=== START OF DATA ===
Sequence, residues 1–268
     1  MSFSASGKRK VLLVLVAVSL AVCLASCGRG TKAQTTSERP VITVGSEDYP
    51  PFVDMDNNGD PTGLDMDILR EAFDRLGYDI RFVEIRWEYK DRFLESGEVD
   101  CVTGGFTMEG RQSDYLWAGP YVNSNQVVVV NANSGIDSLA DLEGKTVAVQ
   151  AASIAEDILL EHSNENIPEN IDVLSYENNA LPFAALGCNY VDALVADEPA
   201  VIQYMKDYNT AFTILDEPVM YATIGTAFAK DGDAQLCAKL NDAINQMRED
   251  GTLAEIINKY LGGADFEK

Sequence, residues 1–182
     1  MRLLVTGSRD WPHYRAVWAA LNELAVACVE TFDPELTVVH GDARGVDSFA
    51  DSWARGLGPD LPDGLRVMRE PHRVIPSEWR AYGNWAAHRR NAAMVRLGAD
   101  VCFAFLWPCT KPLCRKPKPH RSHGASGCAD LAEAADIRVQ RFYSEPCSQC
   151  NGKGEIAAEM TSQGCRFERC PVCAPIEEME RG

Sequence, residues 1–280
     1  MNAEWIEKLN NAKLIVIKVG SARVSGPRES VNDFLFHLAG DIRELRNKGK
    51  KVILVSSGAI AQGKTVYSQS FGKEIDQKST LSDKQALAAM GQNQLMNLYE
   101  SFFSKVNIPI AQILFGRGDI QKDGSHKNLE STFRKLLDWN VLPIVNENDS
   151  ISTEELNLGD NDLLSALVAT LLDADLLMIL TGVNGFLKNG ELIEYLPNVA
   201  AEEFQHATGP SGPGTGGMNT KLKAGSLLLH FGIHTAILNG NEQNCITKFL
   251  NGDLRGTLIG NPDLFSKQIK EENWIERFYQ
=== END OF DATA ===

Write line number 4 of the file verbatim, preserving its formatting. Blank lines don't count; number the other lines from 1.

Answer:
   101  CVTGGFTMEG RQSDYLWAGP YVNSNQVVVV NANSGIDSLA DLEGKTVAVQ